What fictional character would you most want to be like? Eponine or Frodo Baggins. While they both face miseries and difficult situations, they’re both brave enough to sacrifice for the things they love. Eponine sacrifices her life to fight with Marius and leads Marius to Cosette, even though she knows her heart will break if he ends up with another girl. To me, that was always the definition of true love- sacrificing your own happiness for the sake of another’s. Frodo is an underdog, someone nobody expects to be a hero, but who ends up sacrificing his life and the comfort of his home to protect the Shire and all of Middle Earth. He is courageous enough to bear the burden of carrying the ring and taking it to Mordor even though he doesn’t actually have to. He has this incredible sense of duty that’s both touching and inspiring.

What do you do for fun in your free time? (What free time?) I love to read. I read the news online, or look through a Smithsonian magazine, or just read a book. I also love music and singing. Sometimes I’ll just meditate with my favorite songs on, or I’ll belt some karaoke.  My taste in books and music span across all genres. I love creative writing- I have about a bazillion story ideas that I still haven’t finished, and I’ve kept a journal since I was in kindergarten, which has been very rewarding to look back on those memories and general silliness. Finally, I try to exercise every day even though I’m no athlete. Sometimes I’ll go play tennis with my dad or I’ll go to the gym and walks some laps or use the machines.

Recommend a good book to me. In IB, we have to write an extended essay on any topic we choose, and I chose my personal favorite classic, A Tree Grows In Brooklyn by Betty Smith. It tells the story of a girl, Francie Nolan, growing up in the poor tenements districts of Brooklyn, New York in the early 1900s. It goes through her struggles and it really delves deep into her mind and you can see her world from her perspective. Because where others would see dirty, bitter people suffering through brutal conditions, Francie views her world with innocence and imagination, and she sees the underlying magic and stories of her neighborhood. At the same time, I love how multi-dimensional and developed the characters are, because you can really picture in your mind what sort of people they are. All of them are deeply flawed but also virtuous in their own ways, and the book reveals this truth that people can be cruel and kind at the same time. By crafting real, raw emotions and revealing human nature, Betty Smith delves into topics ranging from ethnic prejudice to family relationships, all through the eyes of a growing Brooklyn child. It’s the difficult situations and conflicted characters that move the story along and really bring it to life.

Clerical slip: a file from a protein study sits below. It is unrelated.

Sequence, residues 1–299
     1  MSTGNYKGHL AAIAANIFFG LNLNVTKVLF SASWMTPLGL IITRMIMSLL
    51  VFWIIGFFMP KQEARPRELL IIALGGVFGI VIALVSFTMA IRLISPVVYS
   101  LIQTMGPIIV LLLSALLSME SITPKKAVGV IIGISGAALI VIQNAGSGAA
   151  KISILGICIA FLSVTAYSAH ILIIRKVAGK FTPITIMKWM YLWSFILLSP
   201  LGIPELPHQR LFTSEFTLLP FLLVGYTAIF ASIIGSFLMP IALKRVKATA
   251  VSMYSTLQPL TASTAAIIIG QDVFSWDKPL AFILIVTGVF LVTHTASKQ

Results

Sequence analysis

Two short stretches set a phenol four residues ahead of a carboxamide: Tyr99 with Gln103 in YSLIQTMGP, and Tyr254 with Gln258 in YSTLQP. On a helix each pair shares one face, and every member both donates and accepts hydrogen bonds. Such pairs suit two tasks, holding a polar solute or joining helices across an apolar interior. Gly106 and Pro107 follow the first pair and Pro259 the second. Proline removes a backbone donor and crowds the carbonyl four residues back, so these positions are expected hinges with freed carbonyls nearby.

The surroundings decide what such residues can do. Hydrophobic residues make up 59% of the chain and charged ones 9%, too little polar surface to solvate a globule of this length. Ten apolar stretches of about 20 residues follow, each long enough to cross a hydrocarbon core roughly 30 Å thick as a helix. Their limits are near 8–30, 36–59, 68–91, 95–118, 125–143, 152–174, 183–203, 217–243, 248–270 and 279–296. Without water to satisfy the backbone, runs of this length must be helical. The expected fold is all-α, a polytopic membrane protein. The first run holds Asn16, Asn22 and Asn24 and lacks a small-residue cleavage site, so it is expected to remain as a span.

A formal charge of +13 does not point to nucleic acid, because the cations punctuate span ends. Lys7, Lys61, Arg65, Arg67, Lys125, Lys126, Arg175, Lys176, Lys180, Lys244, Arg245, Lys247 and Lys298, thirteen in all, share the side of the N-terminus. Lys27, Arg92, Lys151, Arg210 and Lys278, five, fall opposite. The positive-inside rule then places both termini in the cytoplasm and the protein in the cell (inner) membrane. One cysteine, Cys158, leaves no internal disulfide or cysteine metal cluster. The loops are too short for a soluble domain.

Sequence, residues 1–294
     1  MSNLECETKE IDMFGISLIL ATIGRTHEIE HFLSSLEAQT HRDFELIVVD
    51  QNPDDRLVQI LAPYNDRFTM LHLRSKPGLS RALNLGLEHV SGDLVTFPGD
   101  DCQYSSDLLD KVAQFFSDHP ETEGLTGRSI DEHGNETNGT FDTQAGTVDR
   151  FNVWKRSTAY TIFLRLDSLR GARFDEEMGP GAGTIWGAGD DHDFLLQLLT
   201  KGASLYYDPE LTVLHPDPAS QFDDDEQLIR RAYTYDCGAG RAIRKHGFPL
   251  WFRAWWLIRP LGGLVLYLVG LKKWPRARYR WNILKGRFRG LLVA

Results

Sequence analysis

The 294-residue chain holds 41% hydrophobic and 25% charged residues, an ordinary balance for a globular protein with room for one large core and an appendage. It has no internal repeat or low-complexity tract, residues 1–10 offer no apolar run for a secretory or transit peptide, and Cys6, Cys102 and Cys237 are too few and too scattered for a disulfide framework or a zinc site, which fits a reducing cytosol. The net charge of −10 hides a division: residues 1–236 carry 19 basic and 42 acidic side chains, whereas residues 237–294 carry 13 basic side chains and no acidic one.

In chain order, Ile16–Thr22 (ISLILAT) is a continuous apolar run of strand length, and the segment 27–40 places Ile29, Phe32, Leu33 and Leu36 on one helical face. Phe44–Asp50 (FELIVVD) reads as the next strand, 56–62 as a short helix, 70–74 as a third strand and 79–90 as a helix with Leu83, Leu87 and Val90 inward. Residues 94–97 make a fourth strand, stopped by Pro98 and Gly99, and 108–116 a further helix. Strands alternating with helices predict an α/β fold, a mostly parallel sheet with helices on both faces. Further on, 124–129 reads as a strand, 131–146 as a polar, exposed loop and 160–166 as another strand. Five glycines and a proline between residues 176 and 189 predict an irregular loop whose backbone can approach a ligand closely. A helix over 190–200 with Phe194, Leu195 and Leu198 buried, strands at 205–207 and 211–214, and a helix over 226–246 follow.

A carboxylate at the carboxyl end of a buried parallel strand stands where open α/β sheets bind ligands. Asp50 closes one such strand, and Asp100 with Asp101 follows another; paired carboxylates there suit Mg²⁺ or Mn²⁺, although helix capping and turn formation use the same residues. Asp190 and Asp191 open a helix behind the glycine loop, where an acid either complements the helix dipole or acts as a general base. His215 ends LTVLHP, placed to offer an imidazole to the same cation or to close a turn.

What do you do best? I’m best at what I’m passionate about. I love writing, singing, and learning things that interest me. While I’m not astounding, I really put my energy into writing well and singing well. I also am good at certain subjects at school because I’m interested in learning them. The second semester of IB US History was my favorite, full of intricate foreign issues and history relevant to today’s world, so I studied hard and received good grades. This past year of English, we read so many interesting, thought-provoking books, so I did well in that class as well.